# Get Unique Values from a List in Python

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Problem Statement: How to get unique values from a list in Python?

While working with lists, quite often, there are many duplicate items present in it. There can be situations where you may need to eliminate these duplicate values and retain unique values within the list. So, how do we achieve this feat? Hence, in this article, we are going to look at the various ways to fetch unique values from the list.

Example: Suppose this is the given list:

`l= ['python', 'java', 'C', 'C', 'java', 'python', 'ruby', 'python']`

Output: The resultant list with unique values for the above list will be:

``['python', 'java', 'C', 'ruby']``

Now let’s look at the different methods to get these unique values from the list.

## Method 1: Using append() Function

Approach: You can obtain the unique values from the list using the `append` method.

• First, we need to create an empty list.
• Further, we are going to traverse the given list from the start till the end.
• Check if the value is present in the empty list.
• If it’s not present, then append the value to the empty list that we created initially.
• If it’s already present, then do not append the value.
• Finally, return this resultant list.

A quick recap to the append() method
`append` is a built-in list method in Python that is used to store/attach/include/append a value to the end of a given list. Look at the diagram given below to visualize how this method works.

Solution:

```li = ['python', 'java', 'C', 'C', 'java', 'python', 'ruby', 'python']
print("Given List: ")
print(li)
print("The unique values from the list:")
l = []
for ele in li:
if ele not in l:
l.append(ele)
print(l)```

Output:

``````Given List:
['python', 'java', 'C', 'C', 'java', 'python', 'ruby', 'python']
The unique values from the list:
['python', 'java', 'C', 'ruby']``````

Discussion: Since you have to create an extra list to store the unique values, this approach is not the most efficient approach to find unique values as it takes a lot of time and space.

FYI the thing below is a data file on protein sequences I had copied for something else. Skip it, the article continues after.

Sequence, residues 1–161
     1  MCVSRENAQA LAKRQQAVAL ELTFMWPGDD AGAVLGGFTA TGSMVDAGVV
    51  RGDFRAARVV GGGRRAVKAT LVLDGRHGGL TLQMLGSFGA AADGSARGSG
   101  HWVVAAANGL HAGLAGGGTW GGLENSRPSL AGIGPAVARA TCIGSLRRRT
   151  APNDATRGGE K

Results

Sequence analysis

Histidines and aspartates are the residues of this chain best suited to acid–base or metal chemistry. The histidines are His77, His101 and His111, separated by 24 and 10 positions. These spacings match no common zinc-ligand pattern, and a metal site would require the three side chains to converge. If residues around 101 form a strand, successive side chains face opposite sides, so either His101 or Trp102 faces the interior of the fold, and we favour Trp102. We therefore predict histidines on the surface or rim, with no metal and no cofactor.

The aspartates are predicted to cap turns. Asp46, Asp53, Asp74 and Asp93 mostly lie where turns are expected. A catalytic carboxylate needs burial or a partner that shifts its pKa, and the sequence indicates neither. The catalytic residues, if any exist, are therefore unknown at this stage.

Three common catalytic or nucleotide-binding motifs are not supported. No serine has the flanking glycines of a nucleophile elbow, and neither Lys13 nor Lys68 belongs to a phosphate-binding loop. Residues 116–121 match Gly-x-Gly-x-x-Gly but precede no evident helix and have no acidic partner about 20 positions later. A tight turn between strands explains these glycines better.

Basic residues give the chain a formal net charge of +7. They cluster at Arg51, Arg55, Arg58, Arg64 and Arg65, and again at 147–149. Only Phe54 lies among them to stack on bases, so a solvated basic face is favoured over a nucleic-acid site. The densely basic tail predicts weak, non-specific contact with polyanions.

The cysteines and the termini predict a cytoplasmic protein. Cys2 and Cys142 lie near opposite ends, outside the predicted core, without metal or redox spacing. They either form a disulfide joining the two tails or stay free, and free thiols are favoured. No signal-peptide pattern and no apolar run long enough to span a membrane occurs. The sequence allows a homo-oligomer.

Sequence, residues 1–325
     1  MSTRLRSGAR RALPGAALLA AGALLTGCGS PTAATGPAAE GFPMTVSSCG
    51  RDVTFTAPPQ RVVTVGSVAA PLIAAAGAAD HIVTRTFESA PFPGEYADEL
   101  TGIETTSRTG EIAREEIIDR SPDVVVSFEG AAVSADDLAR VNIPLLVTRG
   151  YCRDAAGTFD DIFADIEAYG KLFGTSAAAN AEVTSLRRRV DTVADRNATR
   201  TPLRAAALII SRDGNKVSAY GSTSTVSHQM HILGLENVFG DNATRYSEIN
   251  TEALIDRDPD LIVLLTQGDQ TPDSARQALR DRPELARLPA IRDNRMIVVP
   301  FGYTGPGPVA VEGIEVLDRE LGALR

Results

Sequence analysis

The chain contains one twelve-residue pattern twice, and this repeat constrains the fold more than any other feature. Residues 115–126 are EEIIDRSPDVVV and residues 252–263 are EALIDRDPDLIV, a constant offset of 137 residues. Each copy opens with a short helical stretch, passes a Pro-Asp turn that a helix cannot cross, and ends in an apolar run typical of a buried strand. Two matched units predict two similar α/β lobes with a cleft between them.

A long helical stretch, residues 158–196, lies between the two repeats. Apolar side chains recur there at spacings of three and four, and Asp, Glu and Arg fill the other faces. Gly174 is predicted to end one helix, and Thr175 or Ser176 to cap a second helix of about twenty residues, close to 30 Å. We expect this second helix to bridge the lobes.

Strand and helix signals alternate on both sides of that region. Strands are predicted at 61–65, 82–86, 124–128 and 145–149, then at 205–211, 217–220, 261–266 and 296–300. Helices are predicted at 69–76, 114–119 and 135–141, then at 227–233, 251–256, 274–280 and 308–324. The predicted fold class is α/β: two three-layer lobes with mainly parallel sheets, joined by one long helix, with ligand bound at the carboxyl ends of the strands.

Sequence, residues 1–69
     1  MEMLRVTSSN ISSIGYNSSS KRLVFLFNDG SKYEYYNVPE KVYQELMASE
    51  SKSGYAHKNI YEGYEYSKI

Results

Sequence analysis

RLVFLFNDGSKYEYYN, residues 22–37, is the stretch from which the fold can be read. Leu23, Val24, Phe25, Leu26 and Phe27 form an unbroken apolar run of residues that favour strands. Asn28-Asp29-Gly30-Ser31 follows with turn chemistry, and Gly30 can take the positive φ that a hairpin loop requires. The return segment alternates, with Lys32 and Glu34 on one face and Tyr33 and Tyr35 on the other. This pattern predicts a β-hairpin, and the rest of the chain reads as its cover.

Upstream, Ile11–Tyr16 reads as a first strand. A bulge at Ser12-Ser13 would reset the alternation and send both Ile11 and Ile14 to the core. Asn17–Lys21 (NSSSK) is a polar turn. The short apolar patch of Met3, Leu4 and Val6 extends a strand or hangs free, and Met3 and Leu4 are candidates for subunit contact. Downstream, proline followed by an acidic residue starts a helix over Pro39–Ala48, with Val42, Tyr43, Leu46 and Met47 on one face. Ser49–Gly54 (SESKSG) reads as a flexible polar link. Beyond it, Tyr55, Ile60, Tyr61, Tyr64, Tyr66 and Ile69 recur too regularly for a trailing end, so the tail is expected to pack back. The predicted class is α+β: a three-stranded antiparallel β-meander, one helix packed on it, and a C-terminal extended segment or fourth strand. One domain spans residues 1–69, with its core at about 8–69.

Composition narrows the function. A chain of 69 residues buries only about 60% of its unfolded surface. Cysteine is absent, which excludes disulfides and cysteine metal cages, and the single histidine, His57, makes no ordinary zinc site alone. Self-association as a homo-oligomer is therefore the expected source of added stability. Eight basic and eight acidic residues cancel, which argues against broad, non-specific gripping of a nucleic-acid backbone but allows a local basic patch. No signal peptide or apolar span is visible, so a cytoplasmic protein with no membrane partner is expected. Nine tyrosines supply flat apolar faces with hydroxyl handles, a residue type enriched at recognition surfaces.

## Method 2: Using set()

Another effective approach to use the `set()` method. Set is a built-in data type that does not contain any duplicate elements.

Read more about sets here – “The Ultimate Guide to Python Sets

Approach: First, we need to pass the values of the list into a set and then convert the set into a list to print the list with only unique values.

Solution:

```# Given list
l= ['python', 'java', 'C', 'C', 'java', 'python', 'ruby', 'python']
print("The unique values from the list:")
# Using set to get unique values
s = set(l)
# Converting set to list
l2 = list(s)
print(l2)```

Output:

``````The unique values from the list:
['ruby', 'python', 'C', 'java']``````

## Method 3: Using Dictionary fromkeys()

Python dictionaries have a method known as `fromkeys()` that is used to return a new dictionary from the given iterable ( such as list, set, string, tuple) as keys and with the specified value. If the value is not specified by default, it will be considered as None. Here’s a quick example:

```my_dictionary = (['key1', 'key2', 'key3'])
thisdict = dict.fromkeys(my_dictionary)
print(thisdict)

# {'key1': None, 'key2': None, 'key3': None}```

Approach: Well! We all know that keys in a dictionary must be unique. Thus, we will pass the list to the `fromkeys()` method and then use only the key values of this dictionary to get the unique values from the list.

Solution:

```# Given list
l = ['python', 'java', 'C', 'C', 'java', 'python', 'ruby', 'python']